Mailinglist Archive: opensuse (4656 mails)

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Re: [opensuse] Mac OS X and Linux Product inter-compatibility?
  • From: M Harris <harrismh777@xxxxxxxxxxxxx>
  • Date: Sat, 27 Jan 2007 11:16:11 -0600
  • Message-id: <200701271116.11562.harrismh777@xxxxxxxxxxxxx>
On Saturday 27 January 2007 06:33, Hylton Conacher(ZR1HPC) wrote:
> The IT world is faced with 3/4 main desktop operating systems, each with
> its own quirks and therefore each has hardware which will or wont work
> on it. I would specifically like to find out, as a non user of two of
> the OS's, if any of the OS's can be likened to another in terms of
> functionaility ie how they address and work with hardware. The main
> operating systems(OS's) I talk about are Windows, Linux, Apple oe
> Macintosh and of course UNIX.
Linux, Mac OSX, and Unix are all very closely related in that they are all
unix-like operating systems. Windows is all alone in an inferior world by
itself, as an operating system. But your question relates to hardware and
that is another story. Linux runs on *many* different hardware platforms.
Until recently Mac OSX only ran on a PowerPC platform... now it also runs on
Intel based hardware. The cool thing about unix-like systems is that the user
doesn't need to be concerned necessarily about the platform... for instance
printing... Common Unix Printer Services handles the job... and CUPS is CUPS
is CUPS. ---a little more further down.

> We are all painfully aware that the Windows software does much of the
> hardware management, whilst Linux, relies more on the hardware to
> perform, mostly independantly from the OS and I would assume that UNIX
> is similar. I cannot comment on Mac as I have never owned/used one.
Your understanding is not quite correct... let me explain. All operating
systems manage hardware resources and unix-like OSs are certainly no
exception. What Windows does is to use software to emulate actual hardware
functions so that proprietary *windows only* hardware can be built that will
only run on windows. This is an evil monopolistic practice put in place by
greedy M$ to force the use of their OS. This is the primary reason I will
never use M$ products again. ever. (Win modems, and Win printers are
exasperating examples). I purchase platform independent hardware, and I
purchase hardware supported specifically by unix-like systems... HP is an
excellent vendor of Linux and Mac friendly hardware.

> Hardware, specifically printers, include a list of operating systems
> which the product is known to work. For example purposes: Windows and
> Mac OS X are supported and no mention is made of Linux or UNIX.
This is also an evil M$ monopolistic technique (some call it FUD, fear
uncertainty, and doubt) to make the public suspect that ONLY the listed OSs
will work with the hardware... when in fact the hardware is completely
platform independent or has drivers available for it that support every
platform. Again for Linux printers HP is the vendor of choice bar none...
IMHO.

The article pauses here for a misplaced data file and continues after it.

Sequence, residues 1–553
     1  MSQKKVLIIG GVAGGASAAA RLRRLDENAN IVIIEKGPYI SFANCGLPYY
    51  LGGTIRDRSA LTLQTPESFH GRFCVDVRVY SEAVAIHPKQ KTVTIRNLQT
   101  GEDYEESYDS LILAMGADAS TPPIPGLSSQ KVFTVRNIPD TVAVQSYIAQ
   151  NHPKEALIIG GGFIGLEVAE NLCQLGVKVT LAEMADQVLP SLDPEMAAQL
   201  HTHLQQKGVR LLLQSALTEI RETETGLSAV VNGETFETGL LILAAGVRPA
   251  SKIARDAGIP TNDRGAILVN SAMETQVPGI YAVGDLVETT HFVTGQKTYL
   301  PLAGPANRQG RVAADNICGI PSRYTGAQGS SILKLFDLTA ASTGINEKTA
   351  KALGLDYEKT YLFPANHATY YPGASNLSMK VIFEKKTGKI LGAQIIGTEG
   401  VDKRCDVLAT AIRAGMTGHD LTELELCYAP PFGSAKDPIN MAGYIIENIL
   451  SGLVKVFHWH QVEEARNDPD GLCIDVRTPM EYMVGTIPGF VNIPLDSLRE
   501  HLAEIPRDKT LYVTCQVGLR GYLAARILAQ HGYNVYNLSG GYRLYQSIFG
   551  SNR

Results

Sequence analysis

> I would like to purchase the product and see that it is not supported in
> the OS I prefer to run ie Linux.
All you need to do is to look through the list of supported drivers for the
printer you are interested in. You will not be disappointed in the HP line
of laser printers... I have three different HP laser printers and two
different HP color jet printers and they all work great with Linux... which
is all I use by the way. I have never had a problem with an HP printer.

> Can I assume that a product that works on Mac OS X will also work,
> perhaps with limited functionaility, on Linux, eventhough it was not
> stated on the box?
Again... that depends on whether a driver for that printer is available. To
my knowledge only windoze was ever brazen enough to coerce vendors into
manufacturing a printer that would only print on a windoze machine... with
closed (proprietary) drivers. Many printers these days are going usb and work
well on any machine that supports usb. I can print from my Mac OSX box to
any of my HP printers on the network... works great.

I print using three different techniques... I'll tell you about all three.

1) Network Printer. The HP Laserjet4 is plugged directly into the switch
(RJ45 connector) and my linux boxes print to it via cups as a network
attached printer. (my favorite)

2) Network Printer attached through a linux cups host. The HP Laserjet 4L is
parallel attached to one of my headless Suse servers running cups. All other
linux boxes print to that printer as a hosted cups printer. The down side
here (if at all) is that the host machine has to be up and running to use the
printer.

3) Network Printer attached via miniature print server. The HP Deskjet
870cxi is parallel attached via a printer server (a small box about the size
of a VHS tape) in my case the HP JETDIRECT EX Plus. This little box allows
you to convert any standard parallel printer into a network printer. And HP's
print server supports several protocols... I use tcp/ip.

Honestly, the best way to print these days is directly to a network printer
attached through a hub or preferably through a switch. Many machines these
days do not even have parallel printer ports installed. None of my
production workstations have an attached printer. All printing is network
printing. But that's my shop.





--
Kind regards,

M Harris <><
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